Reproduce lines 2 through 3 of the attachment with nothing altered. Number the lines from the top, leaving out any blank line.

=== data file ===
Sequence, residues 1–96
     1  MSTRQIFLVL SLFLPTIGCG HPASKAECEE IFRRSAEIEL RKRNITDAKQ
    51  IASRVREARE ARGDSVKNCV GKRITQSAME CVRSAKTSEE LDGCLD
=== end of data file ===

     1  MSTRQIFLVL SLFLPTIGCG HPASKAECEE IFRRSAEIEL RKRNITDAKQ
    51  IASRVREARE ARGDSVKNCV GKRITQSAME CVRSAKTSEE LDGCLD